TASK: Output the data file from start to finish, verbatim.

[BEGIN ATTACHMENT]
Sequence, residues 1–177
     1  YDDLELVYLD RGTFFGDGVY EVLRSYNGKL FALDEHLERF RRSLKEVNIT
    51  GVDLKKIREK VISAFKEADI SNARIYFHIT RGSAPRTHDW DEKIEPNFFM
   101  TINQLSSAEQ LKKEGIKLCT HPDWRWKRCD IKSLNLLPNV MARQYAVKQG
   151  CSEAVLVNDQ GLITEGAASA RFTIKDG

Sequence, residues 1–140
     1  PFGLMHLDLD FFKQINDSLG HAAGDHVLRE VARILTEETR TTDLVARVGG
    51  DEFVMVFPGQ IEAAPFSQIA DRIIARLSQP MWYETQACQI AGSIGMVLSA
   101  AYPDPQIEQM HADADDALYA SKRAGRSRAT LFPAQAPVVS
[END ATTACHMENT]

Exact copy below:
Sequence, residues 1–177
     1  YDDLELVYLD RGTFFGDGVY EVLRSYNGKL FALDEHLERF RRSLKEVNIT
    51  GVDLKKIREK VISAFKEADI SNARIYFHIT RGSAPRTHDW DEKIEPNFFM
   101  TINQLSSAEQ LKKEGIKLCT HPDWRWKRCD IKSLNLLPNV MARQYAVKQG
   151  CSEAVLVNDQ GLITEGAASA RFTIKDG

Sequence, residues 1–140
     1  PFGLMHLDLD FFKQINDSLG HAAGDHVLRE VARILTEETR TTDLVARVGG
    51  DEFVMVFPGQ IEAAPFSQIA DRIIARLSQP MWYETQACQI AGSIGMVLSA
   101  AYPDPQIEQM HADADDALYA SKRAGRSRAT LFPAQAPVVS